A Brazilian senator was shot in the chest, while he attempted to suppress a protest by the military police, in country's north-eastern state of Ceara, on Wednesday. The 56-year-old Senator Cid Gomez served as the state's governor for seven years, from 2007 to 2014.

Senator Cid Gomez shot

Cid Gomez
Twitter

In a video, widely shared online, Gomez can be seen driving a digger through a barricade that separated him, with the protesting police officers. "You have five minutes to leave. Not one more," he warned the masked protesting policemen. A man standing on the protesters' side yelled, "You don't have the authority to do this."

Moments later, gun-shots can be heard, shattering vehicle's glasses. He suffered two bullet injuries in his chest. The incident occurred in the city of Sobral. Just before heading towards the protest, the lawmaker posted a video on his Twitter page, sharing his anger and calling for people to help him end the strike.

It was later learnt in the evening that he had suffered rubber bullet injuries in his chest. A statement from the hospital released in the evening said the senator was in stable condition and breathing without medical help, NBC reported.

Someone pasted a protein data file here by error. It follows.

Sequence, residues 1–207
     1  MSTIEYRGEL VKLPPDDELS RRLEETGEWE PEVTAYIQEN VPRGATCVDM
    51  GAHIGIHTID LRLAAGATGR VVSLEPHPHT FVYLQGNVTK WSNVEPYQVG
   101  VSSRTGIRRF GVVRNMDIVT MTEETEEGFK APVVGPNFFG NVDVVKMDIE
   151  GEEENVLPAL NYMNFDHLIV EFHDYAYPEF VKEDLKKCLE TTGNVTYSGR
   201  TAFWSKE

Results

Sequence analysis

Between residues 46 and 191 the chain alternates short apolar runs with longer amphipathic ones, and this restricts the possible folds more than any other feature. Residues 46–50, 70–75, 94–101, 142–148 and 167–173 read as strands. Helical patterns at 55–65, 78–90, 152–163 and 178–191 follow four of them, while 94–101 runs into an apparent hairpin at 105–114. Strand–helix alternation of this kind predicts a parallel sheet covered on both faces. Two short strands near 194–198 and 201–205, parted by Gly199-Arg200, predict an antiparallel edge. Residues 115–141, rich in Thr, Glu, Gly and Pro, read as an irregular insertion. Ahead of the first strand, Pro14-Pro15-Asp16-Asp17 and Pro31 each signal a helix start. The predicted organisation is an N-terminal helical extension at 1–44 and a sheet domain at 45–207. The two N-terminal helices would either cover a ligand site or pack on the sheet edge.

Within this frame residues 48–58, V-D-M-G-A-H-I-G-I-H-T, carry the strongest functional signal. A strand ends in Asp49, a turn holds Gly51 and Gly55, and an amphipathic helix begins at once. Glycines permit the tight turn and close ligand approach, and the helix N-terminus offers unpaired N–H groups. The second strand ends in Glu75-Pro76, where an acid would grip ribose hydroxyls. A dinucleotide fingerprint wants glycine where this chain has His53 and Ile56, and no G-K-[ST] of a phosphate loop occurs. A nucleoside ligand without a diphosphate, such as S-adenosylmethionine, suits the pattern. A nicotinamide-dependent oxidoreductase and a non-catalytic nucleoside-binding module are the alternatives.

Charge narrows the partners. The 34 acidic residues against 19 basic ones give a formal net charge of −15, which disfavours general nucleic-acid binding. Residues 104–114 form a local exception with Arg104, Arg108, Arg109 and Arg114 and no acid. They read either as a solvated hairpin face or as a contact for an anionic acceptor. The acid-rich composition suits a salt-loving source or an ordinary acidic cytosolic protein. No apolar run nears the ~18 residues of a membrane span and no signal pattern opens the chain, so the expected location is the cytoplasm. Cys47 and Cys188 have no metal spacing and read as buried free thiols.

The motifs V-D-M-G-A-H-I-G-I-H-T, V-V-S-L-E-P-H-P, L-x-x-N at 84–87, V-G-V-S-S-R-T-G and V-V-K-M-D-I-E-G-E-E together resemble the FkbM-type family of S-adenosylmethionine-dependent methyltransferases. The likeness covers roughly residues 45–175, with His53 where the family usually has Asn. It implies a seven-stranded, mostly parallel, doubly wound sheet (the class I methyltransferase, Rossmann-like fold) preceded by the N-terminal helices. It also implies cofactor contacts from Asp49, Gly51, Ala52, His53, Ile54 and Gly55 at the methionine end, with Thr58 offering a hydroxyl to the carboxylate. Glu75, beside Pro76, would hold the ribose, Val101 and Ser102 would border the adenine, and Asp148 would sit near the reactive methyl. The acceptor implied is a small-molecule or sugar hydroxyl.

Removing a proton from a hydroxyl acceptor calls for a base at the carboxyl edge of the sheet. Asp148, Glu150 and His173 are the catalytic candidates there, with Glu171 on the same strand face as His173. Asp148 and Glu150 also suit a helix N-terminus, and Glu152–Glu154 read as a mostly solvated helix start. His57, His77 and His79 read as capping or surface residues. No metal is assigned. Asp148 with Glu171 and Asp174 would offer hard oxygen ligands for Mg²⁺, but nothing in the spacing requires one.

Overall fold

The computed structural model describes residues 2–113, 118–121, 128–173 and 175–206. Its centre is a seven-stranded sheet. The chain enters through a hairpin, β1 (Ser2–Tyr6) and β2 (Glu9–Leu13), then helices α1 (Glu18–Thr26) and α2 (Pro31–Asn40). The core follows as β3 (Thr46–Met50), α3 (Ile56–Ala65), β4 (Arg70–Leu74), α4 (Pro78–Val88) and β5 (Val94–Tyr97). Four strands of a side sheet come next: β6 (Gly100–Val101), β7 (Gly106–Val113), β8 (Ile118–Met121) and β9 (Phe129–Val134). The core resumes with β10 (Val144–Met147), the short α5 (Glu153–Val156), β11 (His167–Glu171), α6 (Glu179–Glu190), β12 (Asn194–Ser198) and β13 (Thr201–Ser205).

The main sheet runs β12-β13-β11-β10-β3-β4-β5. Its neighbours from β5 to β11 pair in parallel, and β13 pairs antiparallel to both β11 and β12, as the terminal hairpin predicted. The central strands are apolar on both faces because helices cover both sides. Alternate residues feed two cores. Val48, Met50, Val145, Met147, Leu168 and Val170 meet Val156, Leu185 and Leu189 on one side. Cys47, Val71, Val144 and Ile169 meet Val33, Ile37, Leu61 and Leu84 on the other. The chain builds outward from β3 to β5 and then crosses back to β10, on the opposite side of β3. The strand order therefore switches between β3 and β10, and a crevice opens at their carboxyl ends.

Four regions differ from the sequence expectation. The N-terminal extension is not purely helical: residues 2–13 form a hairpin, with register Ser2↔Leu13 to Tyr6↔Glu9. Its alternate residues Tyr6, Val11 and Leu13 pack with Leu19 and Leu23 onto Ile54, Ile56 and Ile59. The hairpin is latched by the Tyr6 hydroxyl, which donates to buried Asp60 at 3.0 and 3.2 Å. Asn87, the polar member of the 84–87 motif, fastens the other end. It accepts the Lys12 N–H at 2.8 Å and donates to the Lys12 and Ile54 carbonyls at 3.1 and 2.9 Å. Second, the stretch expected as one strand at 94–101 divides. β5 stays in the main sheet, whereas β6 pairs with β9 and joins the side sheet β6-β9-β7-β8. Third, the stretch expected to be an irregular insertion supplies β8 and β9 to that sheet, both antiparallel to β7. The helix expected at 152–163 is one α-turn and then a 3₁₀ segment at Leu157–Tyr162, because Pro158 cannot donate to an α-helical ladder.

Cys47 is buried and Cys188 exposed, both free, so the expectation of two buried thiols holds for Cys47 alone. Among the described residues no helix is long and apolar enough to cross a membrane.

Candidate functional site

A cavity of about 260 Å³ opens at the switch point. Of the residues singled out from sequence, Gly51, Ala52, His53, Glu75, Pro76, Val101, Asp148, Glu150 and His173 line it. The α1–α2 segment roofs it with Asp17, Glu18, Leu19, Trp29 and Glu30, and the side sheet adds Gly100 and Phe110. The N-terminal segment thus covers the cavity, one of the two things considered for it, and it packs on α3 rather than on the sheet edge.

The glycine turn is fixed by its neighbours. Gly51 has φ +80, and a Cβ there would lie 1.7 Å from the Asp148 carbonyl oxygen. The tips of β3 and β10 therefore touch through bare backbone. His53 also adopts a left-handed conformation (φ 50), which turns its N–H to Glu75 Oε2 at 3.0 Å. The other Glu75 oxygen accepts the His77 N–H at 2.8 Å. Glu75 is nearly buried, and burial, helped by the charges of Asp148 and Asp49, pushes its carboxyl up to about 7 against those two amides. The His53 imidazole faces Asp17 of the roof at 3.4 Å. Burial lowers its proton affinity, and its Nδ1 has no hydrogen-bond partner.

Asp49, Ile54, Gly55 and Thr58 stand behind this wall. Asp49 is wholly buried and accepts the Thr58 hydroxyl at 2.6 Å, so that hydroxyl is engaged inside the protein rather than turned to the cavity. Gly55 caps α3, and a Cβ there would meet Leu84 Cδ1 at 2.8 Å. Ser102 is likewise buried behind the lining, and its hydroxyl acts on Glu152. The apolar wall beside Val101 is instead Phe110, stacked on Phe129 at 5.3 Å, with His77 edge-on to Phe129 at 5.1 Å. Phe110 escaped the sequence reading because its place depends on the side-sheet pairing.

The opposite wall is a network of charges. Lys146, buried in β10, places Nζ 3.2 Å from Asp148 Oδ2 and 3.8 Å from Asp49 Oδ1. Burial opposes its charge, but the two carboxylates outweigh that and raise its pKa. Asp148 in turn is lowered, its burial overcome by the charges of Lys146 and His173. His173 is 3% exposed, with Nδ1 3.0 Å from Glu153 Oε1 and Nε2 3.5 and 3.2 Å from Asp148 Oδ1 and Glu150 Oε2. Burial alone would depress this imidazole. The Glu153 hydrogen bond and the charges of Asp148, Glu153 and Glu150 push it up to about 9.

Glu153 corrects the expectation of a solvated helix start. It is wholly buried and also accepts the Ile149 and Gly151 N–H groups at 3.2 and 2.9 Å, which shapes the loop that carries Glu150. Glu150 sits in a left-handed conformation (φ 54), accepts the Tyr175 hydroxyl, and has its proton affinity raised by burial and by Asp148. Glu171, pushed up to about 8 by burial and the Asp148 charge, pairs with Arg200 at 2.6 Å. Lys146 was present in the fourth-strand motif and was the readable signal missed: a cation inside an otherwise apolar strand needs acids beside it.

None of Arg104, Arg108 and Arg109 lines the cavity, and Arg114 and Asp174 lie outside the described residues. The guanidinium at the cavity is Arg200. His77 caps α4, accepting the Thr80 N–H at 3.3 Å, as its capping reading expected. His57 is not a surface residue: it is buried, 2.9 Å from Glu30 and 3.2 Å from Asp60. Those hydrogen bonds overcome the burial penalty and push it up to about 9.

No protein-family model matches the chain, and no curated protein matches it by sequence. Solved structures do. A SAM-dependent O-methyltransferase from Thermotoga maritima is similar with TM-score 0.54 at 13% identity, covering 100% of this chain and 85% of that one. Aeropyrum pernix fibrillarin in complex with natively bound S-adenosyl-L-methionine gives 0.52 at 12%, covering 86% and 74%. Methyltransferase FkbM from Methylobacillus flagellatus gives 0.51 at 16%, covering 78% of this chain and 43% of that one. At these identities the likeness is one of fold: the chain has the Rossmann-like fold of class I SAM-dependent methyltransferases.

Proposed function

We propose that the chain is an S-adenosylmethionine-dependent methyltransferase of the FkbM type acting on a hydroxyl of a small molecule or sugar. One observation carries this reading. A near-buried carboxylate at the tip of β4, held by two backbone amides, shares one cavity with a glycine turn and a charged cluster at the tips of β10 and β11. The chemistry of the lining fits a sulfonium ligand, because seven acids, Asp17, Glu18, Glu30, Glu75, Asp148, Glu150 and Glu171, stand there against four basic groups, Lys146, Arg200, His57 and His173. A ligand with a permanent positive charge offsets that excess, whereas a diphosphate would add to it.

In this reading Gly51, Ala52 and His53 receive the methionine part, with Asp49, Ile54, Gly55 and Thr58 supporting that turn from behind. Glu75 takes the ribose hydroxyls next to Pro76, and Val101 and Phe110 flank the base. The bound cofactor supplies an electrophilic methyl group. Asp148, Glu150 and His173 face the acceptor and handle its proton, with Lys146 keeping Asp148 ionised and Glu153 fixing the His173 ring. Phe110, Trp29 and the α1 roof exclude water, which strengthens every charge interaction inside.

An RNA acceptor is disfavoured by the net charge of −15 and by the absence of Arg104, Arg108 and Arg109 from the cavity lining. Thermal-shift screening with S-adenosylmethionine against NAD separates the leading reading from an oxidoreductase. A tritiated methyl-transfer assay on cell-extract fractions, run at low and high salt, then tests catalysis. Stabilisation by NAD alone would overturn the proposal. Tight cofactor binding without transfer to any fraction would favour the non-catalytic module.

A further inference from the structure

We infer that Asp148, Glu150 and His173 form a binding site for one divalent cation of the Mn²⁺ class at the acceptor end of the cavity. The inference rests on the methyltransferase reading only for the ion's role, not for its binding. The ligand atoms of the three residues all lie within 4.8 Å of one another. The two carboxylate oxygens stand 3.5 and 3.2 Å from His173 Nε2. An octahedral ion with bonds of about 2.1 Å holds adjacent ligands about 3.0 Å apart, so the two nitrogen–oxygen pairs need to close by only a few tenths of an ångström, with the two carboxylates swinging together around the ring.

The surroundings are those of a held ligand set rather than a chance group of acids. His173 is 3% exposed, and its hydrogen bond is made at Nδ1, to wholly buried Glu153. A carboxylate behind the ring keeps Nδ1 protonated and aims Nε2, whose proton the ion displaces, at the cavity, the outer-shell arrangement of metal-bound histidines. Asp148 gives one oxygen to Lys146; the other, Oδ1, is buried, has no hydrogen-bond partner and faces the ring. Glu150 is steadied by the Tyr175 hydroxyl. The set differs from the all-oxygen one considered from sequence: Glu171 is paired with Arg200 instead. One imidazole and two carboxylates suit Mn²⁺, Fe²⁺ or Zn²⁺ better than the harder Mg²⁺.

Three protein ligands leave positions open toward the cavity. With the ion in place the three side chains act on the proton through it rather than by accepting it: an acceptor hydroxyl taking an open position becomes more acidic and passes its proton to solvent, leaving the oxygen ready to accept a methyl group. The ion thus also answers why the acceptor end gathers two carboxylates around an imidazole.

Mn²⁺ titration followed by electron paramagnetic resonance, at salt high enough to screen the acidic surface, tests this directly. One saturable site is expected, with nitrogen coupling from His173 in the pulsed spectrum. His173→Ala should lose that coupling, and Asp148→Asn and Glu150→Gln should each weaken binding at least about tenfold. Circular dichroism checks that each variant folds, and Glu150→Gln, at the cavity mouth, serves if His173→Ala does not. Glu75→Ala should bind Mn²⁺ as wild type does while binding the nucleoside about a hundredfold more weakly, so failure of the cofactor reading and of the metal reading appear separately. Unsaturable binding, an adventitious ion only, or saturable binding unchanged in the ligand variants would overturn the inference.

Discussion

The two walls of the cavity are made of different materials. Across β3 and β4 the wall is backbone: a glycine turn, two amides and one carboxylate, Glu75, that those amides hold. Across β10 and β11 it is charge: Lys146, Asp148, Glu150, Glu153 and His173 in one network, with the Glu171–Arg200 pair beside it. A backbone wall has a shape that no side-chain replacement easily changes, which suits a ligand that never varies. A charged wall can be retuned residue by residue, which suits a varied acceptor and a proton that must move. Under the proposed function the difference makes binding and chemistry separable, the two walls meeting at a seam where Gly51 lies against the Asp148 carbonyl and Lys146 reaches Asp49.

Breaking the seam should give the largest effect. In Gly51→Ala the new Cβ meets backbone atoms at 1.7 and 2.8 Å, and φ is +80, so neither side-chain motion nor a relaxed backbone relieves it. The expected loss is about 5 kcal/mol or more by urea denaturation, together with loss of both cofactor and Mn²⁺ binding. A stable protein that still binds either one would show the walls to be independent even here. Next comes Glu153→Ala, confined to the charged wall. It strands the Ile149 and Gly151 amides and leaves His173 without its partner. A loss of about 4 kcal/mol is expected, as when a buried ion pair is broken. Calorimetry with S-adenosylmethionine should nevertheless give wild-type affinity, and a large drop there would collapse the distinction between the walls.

Military police protest

An unknown number of members of military police went on strike on Tuesday, after negotiations with the state to raise their payment failed. In Brazil, it's illegal for the military police to strike. The protesters have been involved in acts of vandalism. They invaded several police barracks, smashed police window-shields and punctured tires.

They also forced the local businesses to remain shut. According to reports, some 260 protesting policemen are under investigation and if indicted, would be banned from receiving their salary and could be fired.

In the 2011 protests in Ceara, several police officers were arrested. "If they show their faces, they're fired or arrested," Manuela Barroso, spokesperson for the military police association, said. "Today the situation is different," he said, citing that protests could lead to looting and clashes. "Back then, the city was not as dangerous as it is today," he said.